US9848938B2 (en) 2003-11-13 2017-12-26 Covidien Ag Compressible jaw configuration with bipolar RF output electrodes for soft tissue fusion
US8597296B2 (en) 2003-11-17 2013-12-03 Covidien Ag Bipolar forceps having monopolar extension
US8257352B2 (en) 2003-11-17 2012-09-04 Covidien Ag Bipolar forceps having monopolar extension
US8623017B2 (en) 2003-11-19 2014-01-07 Covidien Ag Open vessel sealing instrument with hourglass cutting mechanism and overratchet safety
US8303586B2 (en) 2003-11-19 2012-11-06 Covidien Ag Spring loaded reciprocating tissue cutting mechanism in a forceps-style electrosurgical instrument
US7922718B2 (en) 2003-11-19 2011-04-12 Covidien Ag Open vessel sealing instrument with cutting mechanism
US8394096B2 (en) 2003-11-19 2013-03-12 Covidien Ag Open vessel sealing instrument with cutting mechanism
US7811283B2 (en) 2003-11-19 2010-10-12 Covidien Ag Open vessel sealing instrument with hourglass cutting mechanism and over-ratchet safety
US9095347B2 (en) 2003-11-20 2015-08-04 Covidien Ag Electrically conductive/insulative over shoe for tissue fusion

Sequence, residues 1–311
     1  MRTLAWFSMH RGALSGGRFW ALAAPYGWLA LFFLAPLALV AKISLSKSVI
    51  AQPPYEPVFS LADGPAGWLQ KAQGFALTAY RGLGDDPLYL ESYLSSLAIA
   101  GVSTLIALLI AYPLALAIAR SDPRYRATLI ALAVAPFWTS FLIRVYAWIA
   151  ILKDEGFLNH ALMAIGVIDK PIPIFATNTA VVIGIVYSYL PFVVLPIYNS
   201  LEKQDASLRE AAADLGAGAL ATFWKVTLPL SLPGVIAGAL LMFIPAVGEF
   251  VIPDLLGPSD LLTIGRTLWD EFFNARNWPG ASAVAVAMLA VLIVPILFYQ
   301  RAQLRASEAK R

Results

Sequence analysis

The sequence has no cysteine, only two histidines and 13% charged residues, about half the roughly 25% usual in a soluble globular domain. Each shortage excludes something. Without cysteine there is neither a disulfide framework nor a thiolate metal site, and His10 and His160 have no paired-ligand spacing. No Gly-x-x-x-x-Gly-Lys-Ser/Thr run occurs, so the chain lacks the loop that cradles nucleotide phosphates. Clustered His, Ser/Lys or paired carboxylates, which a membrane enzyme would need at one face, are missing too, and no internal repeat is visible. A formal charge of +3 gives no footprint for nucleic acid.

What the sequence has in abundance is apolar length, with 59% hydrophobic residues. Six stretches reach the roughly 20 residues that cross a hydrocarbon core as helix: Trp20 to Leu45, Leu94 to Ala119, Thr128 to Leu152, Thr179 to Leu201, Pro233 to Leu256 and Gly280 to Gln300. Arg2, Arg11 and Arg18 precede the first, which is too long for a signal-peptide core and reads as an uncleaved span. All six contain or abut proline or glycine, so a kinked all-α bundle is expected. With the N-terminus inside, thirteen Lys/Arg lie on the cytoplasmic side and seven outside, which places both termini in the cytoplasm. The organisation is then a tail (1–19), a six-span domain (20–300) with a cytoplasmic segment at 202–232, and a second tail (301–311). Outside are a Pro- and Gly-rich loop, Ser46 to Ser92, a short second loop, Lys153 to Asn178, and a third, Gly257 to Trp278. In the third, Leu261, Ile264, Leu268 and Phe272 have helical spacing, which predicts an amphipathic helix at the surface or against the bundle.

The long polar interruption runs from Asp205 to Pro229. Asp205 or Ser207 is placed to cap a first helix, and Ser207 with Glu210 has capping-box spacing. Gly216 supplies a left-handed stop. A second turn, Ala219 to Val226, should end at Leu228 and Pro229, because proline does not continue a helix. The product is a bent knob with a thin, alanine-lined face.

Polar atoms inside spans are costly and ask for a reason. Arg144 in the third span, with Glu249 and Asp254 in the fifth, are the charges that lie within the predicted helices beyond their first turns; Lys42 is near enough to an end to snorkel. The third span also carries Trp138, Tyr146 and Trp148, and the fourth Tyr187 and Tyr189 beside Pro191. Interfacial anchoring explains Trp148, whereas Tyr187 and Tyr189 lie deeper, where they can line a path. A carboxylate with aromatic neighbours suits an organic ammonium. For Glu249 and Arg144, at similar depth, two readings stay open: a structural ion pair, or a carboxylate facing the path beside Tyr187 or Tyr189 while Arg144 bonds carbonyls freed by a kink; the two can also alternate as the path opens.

US20080113084A1 (en) * 2003-12-16 2008-05-15 Cook Incorporated Process of Electrostatically Coating A Stent On a Catheter
US20050131513A1 (en) * 2003-12-16 2005-06-16 Cook Incorporated Stent catheter with a permanently affixed conductor
US7879387B2 (en) 2003-12-16 2011-02-01 Cook Incorporated Process of electrostatically coating a stent on a catheter
US8348948B2 (en) 2004-03-02 2013-01-08 Covidien Ag Vessel sealing system using capacitive RF dielectric heating
WO2005110263A3 (en) * 2004-05-11 2006-02-23 Wisconsin Alumni Res Found Radiofrequency ablation with independently controllable ground pad conductors
US20070049919A1 (en) * 2004-05-11 2007-03-01 Lee Fred T Jr Radiofrequency ablation with independently controllable ground pad conductors
US7736357B2 (en) 2004-05-11 2010-06-15 Wisconsin Alumni Research Foundation Radiofrequency ablation with independently controllable ground pad conductors
US7875028B2 (en) 2004-06-02 2011-01-25 Medtronic, Inc. Ablation device with jaws
US8162941B2 (en) 2004-06-02 2012-04-24 Medtronic, Inc. Ablation device with jaws
US7935052B2 (en) 2004-09-09 2011-05-03 Covidien Ag Forceps with spring loaded end effector assembly